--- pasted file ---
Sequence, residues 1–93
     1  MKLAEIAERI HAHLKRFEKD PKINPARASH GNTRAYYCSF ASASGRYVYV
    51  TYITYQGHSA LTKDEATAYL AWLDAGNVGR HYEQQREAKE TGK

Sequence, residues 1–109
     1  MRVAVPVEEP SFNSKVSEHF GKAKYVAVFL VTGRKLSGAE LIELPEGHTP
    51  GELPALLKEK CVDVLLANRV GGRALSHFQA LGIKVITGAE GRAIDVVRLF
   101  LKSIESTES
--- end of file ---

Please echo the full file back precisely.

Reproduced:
Sequence, residues 1–93
     1  MKLAEIAERI HAHLKRFEKD PKINPARASH GNTRAYYCSF ASASGRYVYV
    51  TYITYQGHSA LTKDEATAYL AWLDAGNVGR HYEQQREAKE TGK

Sequence, residues 1–109
     1  MRVAVPVEEP SFNSKVSEHF GKAKYVAVFL VTGRKLSGAE LIELPEGHTP
    51  GELPALLKEK CVDVLLANRV GGRALSHFQA LGIKVITGAE GRAIDVVRLF
   101  LKSIESTES